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Forget Penny Stocks: These 3 Millionaire-Maker Stocks Are Your Best Bet

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Penny stocks will almost always will lose you all of your money, and when they don’t, the reward you get isn’t sufficient enough to warrant a losing investment the majority of the time.

This is why more than 90% of investors who speculate and buy penny stocks will end up losing all their money.

The good news is you don’t need to invest in penny stocks to earn a ton of money. You can find high-quality growth stocks to invest in that down the line should have appreciated many times over.

Three of the top growth companies on the TSX today that are potential millionaire-making stocks are goeasy (TSX:GSY), Canopy Growth (TSX:WEED)(NYSE:CGC) and Cargojet (TSX:CJT).

goeasy

goeasy is a finance company that offers credit to consumers who don’t meet the criteria of banks. Although this may sound slightly risky and a little dull, the returns goeasy has been making are anything but.

It’s a high-growth company that has been expanding its business rapidly. In the last five years, it’s grown its loan book at a compounded annual growth rate (CAGR) of 43%.

On top of its incredible growth, it’s also a top-notch operator and has reported 72 consecutive quarters of positive earnings per share. Since 2001, its earnings per share have grown at a CAGR of 23%, and total shareholder returns have topped 6,200%.

In the non-prime lending business, risk management is key, and goeasy has some of the strongest risk management around. Since 2012, it’s consistently kept its net charge-off rates in its target range, and well below any danger points.

Despite its incredible growth, goeasy’s market cap is still only roughly $830 million, giving it ample room to continue growing.

Canopy Growth

By now almost everyone knows Canopy and although legalization has been around for over a year now, Canopy remains one of the best growth stocks in the nation.

The main reason Canopy is so attractive today is due to the massive sell off its endured this year. The company has lost nearly two-thirds of its value so far in 2019, and at some point, investors have to say enough is enough.

Canopy still has a lot going for it, and although the legal rollout in Canada has been slow and underwhelming, the recreational portion of its business is increasingly becoming a smaller portion of its operations and focus.

Its global reach and desire to invent new solutions to medical issues in both humans as well as pets is what will drive Canopy’s growth for decades.

Cargojet

Cargojet is the main source of overnight shipping for Canadian consumers. If you buy something online and choose overnight shipping, there is a more than 90% chance it’s being shipped on a Cargojet plane.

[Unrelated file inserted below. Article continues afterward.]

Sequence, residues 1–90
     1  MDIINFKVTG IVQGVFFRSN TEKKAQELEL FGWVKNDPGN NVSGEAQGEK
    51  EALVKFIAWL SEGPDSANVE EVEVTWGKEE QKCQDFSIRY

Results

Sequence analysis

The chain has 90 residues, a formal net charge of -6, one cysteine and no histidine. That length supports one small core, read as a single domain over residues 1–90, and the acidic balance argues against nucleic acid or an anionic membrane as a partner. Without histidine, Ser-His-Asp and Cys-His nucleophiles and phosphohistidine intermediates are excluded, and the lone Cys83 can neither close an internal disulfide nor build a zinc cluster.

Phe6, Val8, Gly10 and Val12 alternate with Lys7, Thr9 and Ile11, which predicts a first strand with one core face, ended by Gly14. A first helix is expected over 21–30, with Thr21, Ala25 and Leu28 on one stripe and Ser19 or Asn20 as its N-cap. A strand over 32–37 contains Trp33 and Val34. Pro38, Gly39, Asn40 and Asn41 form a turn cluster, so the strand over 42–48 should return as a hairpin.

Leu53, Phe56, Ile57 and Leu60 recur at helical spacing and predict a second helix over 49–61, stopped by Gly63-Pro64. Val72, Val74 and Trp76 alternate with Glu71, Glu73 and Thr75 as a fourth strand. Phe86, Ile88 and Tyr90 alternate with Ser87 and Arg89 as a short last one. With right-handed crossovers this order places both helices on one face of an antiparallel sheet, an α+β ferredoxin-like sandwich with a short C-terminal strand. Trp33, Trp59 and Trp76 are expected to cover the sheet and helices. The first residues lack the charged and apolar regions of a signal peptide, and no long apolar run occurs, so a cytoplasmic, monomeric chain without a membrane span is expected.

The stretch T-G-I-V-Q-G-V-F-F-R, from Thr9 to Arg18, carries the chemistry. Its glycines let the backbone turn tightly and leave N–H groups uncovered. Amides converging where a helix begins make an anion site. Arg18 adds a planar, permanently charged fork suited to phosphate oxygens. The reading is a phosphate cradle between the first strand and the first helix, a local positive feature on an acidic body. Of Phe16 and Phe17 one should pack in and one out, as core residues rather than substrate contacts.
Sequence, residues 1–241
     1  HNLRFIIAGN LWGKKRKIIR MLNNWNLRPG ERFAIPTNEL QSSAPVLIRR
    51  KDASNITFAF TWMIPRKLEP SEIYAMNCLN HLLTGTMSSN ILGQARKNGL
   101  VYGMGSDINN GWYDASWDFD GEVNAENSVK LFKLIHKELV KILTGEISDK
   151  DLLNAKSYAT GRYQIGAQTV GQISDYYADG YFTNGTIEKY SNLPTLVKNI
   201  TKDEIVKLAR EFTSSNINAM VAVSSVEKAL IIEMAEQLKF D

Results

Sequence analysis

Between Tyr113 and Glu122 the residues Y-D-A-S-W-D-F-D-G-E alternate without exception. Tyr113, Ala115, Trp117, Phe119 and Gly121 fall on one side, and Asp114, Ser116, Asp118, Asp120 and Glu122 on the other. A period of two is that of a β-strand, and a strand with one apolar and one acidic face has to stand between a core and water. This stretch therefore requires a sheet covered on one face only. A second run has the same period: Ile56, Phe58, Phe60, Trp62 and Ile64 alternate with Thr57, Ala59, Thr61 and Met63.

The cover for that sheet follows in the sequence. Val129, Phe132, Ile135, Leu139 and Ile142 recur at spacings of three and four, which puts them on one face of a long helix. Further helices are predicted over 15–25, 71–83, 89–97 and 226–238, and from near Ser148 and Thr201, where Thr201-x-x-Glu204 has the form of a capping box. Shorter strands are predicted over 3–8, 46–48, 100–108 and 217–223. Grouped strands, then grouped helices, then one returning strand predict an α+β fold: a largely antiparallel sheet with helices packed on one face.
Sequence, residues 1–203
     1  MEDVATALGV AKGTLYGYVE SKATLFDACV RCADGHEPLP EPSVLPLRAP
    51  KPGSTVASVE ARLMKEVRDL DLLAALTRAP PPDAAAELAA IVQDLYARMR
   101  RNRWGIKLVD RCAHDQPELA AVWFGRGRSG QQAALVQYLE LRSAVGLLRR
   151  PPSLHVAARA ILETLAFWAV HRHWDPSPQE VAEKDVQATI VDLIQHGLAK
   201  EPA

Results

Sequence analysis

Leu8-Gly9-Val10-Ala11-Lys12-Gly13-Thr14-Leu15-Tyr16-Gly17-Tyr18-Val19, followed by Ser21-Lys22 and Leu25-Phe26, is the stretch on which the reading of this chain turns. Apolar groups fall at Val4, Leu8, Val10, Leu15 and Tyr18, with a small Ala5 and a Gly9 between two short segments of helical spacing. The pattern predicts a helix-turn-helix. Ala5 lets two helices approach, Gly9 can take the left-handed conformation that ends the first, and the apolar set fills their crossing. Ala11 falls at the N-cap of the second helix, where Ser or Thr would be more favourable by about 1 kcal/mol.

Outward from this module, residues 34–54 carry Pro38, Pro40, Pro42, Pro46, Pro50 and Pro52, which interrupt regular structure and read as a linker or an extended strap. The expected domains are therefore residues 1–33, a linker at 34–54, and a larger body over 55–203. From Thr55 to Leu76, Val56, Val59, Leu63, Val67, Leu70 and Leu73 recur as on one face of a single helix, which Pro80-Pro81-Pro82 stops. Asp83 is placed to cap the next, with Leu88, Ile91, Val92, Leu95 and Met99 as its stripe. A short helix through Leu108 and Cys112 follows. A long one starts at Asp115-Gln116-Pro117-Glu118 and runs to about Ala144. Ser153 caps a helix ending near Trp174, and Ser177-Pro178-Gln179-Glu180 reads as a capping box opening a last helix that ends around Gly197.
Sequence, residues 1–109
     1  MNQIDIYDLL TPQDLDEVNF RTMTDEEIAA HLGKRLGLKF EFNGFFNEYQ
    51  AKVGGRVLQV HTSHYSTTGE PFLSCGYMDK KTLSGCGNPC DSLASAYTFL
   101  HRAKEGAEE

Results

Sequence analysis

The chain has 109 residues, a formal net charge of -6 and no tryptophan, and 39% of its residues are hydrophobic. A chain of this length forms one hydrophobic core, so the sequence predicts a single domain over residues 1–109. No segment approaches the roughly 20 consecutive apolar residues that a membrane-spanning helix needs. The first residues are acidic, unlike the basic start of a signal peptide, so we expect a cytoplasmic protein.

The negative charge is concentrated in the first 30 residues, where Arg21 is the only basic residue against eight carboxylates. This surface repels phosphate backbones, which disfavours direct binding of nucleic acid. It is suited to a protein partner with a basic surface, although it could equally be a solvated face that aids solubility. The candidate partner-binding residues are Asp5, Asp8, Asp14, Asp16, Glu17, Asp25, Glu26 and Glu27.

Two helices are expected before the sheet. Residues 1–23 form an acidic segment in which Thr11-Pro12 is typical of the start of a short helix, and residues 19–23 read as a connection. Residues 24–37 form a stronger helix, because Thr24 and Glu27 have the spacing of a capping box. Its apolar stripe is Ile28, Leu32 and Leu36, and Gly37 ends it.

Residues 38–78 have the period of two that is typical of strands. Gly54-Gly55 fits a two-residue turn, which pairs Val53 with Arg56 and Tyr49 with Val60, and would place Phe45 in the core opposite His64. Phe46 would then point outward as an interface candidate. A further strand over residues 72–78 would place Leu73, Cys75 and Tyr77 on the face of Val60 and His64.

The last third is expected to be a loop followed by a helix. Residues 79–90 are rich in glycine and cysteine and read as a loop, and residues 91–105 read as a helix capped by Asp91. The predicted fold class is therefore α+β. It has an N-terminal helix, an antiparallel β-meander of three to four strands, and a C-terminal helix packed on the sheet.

The massive increase it’s seen from the boom in online shopping has caused its stock to increase rapidly. In the last three years, its share price is up nearly 115%. It’s signed partnerships with Canada Post and, most recently, Amazon, which has also helped the share price to reach new levels.

In addition, these deals have brought on tonnes of new business for Cargojet, which is why it has so much growth potential.

The thing to watch for investors is that with shipping by air, and especially overnight time sensitive shipping, the higher the demand, the easier it is for companies to scale.

This suggests that as online shopping becomes more popular, not only will Cargojet’s business increase, but its margins should naturally get stronger as well.

Bottom line

Finding high-quality companies that have already proved themselves and shown they can execute are always the best stocks to choose and will always be a better option than penny stocks.

The important thing is to look for companies in growing industries that are cheap relative to the future growth potential to set yourself up in the optimal position.

This article represents the opinion of the writer, who may disagree with the “official” recommendation position of a Motley Fool premium service or advisor. We’re Motley! Questioning an investing thesis — even one of our own — helps us all think critically about investing and make decisions that help us become smarter, happier, and richer, so we sometimes publish articles that may not be in line with recommendations, rankings or other content.

John Mackey, CEO of Whole Foods Market, an Amazon subsidiary, is a member of The Motley Fool’s board of directors. Fool contributor Daniel Da Costa has no position in any of the stocks mentioned. David Gardner owns shares of Amazon. The Motley Fool owns shares of Amazon and CARGOJET INC. CargoJet is a recommendation of Hidden Gems Canada.

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